Mr. Adalian testified that by May 2006 "it was becoming apparent that there were issues at the Board level." Defs.' Stmt. ¶ 50. Mr. Kaloosdian testified that in the summer of 2006, the relationship among the Board members was "disintegrating." Id. Ms. Mathevosian testified that there were arguments between Cafesjian on the one hand and Messrs. Hovnanian and Kaloosdian on the other. Id. On May 24, 2006, Cafesjian sent a letter, through counsel, to the other three Board members stating that the problem has been one of two competing visions for AGM&M neither of which has commanded a consensus among the Trustees. His [Cafesjian's] has been a more ambitious, more expensive and, almost certainly, a more controversial vision. It is certainly a vision more difficult to achieve. The other, and doubtless more readily attainable solution, is to confine the effort to the existing National Bank of Washington building with the view that the purposes of AGM&M are best accomplished by the opening of the Museum sooner rather than later.
See Pls.' Opp'n, Ex. 15 (5/24/2006 Letter from William J. Brody to Trustees) at 1. The letter goes on to state that the problem of competing visions has been exacerbated by the voting arrangements on the Board which require an 80% affirmative vote before taking action. See id. at 2. The letter proposes that Cafesjian end his involvement with AGM&M, resigning as a Trustee and renouncing his right to appoint future Trustees. See id. The letter further suggests that if Cafesjian were to resign, he would expect AGM&M to repay the $500,000 debt that is outstanding and that the Adjacent Properties would revert to him since they would not be needed for the scaled-back Museum. Id. The provisions in the Grant Agreement regarding the Bank Building would remain unchanged, but Cafesjian would eliminate any requirement that AGM&M build a memorial. See id. at 2-3.
On August 2, 2006, Robert Kaloosdian responded to Cafesjian's counsel on behalf of the other Trustees. See Pls.' Br., Ex. 16 (8/2/2006 Letter from R. Kaloosdian to William J. Brody). In the letter, Mr. Kaloosdian states that "[i]n all candor, we were quite surprised to receive the letter and Mr. Cafesjian's assertion of two competing visions for AGM&M. There have not been two competing visions." Id. at 1. The letter asserts that Cafesjian has acted as the chief executive officer of the Museum project and that the other Trustees encouraged that. Id. The letter asserts that the other Trustees did not object to Mr. Cafesjian's engagement of an architect or other plans and "at no time stood in the way of any of his decisions." Id. The letter expressed support for Cafesjian's vision, despite some concerns about its cost, and urged Cafesjian to withdraw his attempt to separate from AGM&M. Id. at 1-2. On August 26, 2006, Cafesjian's counsel responded. See Pls.' Br., Ex. 17 (8/26/2006 Letter from W. Brody to the other Trustees). The letter disagreed with many of the facts stated by the Trustees and reaffirmed Cafesjian's desire to part ways with AGM&M. Id. The letter restated the terms proposed in the earlier letter for Cafesjian's departure, and proposed as an alternative that AGM&M simply be liquidated. Id. at 2. The letter also stated that because of AGM&M's financial situation, Cafesjian would no longer be advancing AGM&M funds to cover expenses. Id.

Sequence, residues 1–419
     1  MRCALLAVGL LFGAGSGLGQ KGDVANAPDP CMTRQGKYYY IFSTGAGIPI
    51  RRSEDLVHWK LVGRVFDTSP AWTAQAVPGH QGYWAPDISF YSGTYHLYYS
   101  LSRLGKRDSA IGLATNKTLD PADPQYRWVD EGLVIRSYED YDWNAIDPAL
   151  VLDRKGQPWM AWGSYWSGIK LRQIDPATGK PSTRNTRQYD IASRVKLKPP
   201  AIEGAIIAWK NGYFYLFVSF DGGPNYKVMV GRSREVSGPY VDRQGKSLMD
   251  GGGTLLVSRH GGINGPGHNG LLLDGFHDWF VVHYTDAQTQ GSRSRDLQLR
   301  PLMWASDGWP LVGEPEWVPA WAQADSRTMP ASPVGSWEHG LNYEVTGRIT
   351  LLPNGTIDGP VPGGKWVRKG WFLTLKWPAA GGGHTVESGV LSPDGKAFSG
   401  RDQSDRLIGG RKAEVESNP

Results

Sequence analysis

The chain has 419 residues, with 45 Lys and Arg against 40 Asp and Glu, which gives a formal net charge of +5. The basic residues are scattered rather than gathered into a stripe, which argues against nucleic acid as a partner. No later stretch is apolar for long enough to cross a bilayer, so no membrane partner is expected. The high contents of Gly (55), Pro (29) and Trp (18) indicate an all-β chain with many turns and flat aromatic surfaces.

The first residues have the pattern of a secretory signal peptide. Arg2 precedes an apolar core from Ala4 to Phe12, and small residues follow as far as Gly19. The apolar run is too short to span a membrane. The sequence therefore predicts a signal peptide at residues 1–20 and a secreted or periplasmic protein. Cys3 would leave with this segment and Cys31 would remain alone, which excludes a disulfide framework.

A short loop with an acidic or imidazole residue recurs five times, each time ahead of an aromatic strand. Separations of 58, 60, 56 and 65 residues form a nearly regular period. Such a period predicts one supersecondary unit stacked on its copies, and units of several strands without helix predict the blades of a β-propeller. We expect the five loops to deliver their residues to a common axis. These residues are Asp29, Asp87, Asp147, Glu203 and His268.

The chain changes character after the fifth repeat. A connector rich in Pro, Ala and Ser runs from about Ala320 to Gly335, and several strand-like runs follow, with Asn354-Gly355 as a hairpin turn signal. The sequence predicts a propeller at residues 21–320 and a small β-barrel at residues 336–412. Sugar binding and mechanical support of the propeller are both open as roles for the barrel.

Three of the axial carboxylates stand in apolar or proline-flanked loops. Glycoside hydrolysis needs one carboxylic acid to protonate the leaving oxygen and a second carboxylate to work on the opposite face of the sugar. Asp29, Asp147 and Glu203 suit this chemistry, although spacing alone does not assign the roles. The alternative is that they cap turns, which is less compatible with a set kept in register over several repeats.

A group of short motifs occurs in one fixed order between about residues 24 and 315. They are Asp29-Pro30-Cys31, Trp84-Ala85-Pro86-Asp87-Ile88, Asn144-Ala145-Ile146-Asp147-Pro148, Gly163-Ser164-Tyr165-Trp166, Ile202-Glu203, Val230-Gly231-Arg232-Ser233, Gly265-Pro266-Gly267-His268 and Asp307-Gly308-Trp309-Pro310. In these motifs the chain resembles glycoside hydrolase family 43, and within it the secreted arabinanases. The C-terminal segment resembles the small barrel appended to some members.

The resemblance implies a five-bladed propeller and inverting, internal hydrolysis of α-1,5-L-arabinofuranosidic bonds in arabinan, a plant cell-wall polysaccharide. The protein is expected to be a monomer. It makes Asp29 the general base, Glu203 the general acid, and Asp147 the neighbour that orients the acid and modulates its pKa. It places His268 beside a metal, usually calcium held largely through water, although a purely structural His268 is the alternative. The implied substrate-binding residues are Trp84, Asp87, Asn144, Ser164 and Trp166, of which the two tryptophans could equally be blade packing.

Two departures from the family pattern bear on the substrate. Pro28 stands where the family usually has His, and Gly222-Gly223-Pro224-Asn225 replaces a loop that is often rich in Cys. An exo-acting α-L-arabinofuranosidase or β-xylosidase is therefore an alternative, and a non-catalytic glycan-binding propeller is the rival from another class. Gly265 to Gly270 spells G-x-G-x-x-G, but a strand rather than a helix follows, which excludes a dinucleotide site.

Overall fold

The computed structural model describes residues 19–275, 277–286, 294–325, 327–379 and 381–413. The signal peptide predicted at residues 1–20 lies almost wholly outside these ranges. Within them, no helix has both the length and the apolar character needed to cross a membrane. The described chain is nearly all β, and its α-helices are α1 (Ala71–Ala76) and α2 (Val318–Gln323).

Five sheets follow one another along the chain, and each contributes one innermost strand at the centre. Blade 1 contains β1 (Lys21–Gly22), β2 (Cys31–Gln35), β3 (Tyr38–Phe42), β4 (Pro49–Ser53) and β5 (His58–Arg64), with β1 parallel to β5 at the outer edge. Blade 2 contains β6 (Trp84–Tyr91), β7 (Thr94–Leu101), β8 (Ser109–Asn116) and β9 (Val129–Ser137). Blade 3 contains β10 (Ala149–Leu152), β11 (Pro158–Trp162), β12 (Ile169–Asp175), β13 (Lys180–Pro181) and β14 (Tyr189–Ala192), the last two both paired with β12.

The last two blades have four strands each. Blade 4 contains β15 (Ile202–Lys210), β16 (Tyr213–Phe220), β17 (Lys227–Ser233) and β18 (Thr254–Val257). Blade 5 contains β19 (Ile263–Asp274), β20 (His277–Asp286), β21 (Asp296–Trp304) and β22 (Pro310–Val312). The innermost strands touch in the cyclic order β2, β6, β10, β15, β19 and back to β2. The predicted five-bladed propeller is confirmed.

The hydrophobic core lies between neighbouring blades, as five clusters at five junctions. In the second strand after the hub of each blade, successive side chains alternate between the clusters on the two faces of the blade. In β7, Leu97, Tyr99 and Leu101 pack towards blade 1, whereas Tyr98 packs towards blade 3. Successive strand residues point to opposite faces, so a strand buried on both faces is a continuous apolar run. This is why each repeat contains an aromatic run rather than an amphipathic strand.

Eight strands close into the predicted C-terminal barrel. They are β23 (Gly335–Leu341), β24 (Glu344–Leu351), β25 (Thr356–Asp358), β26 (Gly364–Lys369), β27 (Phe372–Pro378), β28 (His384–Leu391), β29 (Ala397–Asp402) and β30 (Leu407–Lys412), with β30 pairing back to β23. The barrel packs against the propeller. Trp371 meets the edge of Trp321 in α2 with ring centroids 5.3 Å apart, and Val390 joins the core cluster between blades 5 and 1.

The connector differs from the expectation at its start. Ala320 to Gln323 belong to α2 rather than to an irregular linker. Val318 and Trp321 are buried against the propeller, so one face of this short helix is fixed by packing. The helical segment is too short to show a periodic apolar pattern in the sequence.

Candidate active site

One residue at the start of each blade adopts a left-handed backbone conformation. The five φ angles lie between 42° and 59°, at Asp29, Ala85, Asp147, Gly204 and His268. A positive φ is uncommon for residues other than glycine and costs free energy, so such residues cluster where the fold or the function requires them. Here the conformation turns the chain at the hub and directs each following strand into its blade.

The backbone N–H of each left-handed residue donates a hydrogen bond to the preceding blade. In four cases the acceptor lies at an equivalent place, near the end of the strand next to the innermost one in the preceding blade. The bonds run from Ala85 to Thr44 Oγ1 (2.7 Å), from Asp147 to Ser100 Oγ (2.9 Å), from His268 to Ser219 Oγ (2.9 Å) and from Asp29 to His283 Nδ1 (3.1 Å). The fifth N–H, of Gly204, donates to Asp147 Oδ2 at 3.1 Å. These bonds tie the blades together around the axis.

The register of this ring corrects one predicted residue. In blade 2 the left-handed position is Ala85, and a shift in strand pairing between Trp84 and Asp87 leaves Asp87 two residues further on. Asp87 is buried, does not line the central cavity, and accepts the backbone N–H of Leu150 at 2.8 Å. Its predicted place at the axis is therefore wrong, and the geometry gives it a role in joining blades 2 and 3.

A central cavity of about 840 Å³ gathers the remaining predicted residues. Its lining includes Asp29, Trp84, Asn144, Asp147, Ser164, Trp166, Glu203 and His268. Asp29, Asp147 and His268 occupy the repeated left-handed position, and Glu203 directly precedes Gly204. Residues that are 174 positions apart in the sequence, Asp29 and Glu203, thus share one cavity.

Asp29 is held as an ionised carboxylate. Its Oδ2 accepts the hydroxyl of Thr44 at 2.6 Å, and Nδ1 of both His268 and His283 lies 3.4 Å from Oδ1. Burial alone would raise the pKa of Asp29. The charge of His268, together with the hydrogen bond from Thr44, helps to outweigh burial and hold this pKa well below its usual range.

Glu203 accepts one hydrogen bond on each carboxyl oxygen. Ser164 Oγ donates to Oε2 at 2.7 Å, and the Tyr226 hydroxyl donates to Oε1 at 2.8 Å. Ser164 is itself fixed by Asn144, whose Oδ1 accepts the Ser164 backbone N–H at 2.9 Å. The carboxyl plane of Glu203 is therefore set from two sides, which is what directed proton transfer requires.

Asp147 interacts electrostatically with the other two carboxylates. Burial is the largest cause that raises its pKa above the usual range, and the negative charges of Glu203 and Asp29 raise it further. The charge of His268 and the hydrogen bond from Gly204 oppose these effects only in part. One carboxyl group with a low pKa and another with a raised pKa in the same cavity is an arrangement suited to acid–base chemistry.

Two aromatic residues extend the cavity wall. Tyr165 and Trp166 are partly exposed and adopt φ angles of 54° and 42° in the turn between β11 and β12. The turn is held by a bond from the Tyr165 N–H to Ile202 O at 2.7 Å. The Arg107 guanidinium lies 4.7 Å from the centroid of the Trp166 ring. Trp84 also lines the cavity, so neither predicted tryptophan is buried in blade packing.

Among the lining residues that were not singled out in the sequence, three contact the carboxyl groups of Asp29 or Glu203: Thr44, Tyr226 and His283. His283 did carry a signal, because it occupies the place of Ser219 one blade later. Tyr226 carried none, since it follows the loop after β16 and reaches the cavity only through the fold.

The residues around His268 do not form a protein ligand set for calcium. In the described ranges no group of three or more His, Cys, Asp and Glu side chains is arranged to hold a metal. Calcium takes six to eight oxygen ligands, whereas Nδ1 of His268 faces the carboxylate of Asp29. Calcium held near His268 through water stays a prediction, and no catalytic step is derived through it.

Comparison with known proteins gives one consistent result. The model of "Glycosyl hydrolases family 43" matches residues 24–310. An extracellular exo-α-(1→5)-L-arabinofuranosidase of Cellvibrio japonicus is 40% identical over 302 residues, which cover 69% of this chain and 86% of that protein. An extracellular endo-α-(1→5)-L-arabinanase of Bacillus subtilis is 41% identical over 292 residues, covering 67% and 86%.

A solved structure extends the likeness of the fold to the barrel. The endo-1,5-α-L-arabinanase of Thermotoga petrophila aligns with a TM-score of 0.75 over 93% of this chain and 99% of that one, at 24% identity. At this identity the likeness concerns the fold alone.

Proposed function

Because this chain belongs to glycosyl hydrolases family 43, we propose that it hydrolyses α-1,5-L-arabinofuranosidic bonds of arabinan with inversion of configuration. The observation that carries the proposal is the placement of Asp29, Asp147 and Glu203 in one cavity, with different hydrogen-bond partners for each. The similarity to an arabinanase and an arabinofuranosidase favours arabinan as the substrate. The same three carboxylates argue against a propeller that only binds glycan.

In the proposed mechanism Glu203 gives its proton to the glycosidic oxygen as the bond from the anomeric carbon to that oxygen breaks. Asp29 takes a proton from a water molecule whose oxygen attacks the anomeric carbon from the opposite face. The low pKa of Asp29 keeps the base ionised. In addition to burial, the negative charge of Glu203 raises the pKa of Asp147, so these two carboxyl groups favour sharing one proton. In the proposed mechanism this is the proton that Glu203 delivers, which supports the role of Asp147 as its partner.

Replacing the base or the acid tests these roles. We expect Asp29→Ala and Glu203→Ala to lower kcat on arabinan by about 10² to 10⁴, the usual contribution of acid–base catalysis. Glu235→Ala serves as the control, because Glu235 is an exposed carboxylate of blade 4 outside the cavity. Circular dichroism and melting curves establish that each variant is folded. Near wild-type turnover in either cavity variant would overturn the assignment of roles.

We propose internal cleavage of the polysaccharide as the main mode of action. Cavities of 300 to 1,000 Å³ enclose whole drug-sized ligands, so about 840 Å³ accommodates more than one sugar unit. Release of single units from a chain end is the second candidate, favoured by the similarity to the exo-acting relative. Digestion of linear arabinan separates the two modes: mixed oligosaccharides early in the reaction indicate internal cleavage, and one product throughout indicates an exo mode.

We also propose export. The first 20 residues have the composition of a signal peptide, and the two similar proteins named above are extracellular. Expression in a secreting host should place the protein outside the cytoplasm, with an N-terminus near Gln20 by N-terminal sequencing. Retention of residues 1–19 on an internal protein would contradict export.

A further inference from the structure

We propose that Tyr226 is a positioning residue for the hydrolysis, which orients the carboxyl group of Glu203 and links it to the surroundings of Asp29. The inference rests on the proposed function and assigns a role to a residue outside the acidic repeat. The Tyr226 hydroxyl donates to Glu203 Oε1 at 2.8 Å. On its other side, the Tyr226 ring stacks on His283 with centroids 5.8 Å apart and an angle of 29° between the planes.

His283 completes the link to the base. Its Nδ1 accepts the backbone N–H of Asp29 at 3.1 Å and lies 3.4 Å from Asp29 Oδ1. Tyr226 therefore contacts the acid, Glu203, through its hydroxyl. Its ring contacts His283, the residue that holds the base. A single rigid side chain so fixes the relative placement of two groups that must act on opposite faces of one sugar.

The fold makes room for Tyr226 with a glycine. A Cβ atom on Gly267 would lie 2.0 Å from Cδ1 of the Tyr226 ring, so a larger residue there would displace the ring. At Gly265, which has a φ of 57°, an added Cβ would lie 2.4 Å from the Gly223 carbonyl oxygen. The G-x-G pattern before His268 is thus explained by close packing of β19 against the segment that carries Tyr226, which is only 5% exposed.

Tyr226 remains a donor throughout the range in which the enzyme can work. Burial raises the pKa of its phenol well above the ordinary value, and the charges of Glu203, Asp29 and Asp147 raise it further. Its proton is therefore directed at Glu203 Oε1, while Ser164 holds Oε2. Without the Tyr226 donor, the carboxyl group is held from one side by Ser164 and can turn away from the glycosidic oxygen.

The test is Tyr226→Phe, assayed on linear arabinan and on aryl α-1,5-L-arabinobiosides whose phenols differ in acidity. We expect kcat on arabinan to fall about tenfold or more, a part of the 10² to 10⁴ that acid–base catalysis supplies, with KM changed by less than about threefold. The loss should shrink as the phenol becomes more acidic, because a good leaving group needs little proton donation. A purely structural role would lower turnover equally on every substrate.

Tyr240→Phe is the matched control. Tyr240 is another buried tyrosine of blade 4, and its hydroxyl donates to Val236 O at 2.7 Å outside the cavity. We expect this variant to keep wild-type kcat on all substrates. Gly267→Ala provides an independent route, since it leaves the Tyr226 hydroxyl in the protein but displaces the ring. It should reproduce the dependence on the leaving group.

Cafesjian resigned his position as President and Chairman of AGM&M on September 13, 2006. Pls.' Stmt. ¶ 19.However, he remained a Trustee until May 2, 2007. Id. Cafesjian's resignation letter indicated that Waters Jr. intended to resign as Secretary/Treasurer as soon as the Board of Trustees identified a successor. See Pls.' Br., Ex. 10 (9/13/2006 Letter from Cafesjian to the other Trustees) at 1.
D. The Memorandum of Agreement and the Lis Pendens
On October 23, 2006, Waters Jr. executed a Memorandum of Agreement Reserving Rights ("MOA") between AGM&M and CFF. See Pls.' Br., Ex. 18 ("MOA"). The MOA explains that pursuant to the Grant Agreement, "the Assembly agreed, among other things, to undertake the development of certain real properties situated in the District of Columbia ('Development Obligations') which properties are described in Exhibit A attached hereto...." MOA at 1. The properties listed in Exhibit A are the Bank Building and the Adjacent Properties. MOA at 3-4. The MOA further explains that the Grant Agreement "provided for the reservation of certain reversionary rights in the CFF in the event that the Assembly failed to perform the Development Obligations." MOA at 1. The MOA goes on to explain that pursuant to the Transfer Agreement, "AGM&M agreed, among other things, to undertake the Development Obligations of the Assembly." Id. The MOA states that "the AGM&M and the CFF desire to execute this memorandum and record it among the land records of the District of Columbia, in order to provide notice of the Development Obligations contained in the Transfer Agreement." Id. Waters Jr. signed the MOA for both parties, in his capacity as Secretary/Treasurer for AGM&M and in his capacity as Vice President of CFF. See id. at 2. Waters Jr. sent the executed MOA to the District of Columbia Recorder of Deeds on October 23, 2006, and it was recorded on October 27, 2006. See id. at 3; Pls.' Stmt. ¶ 40.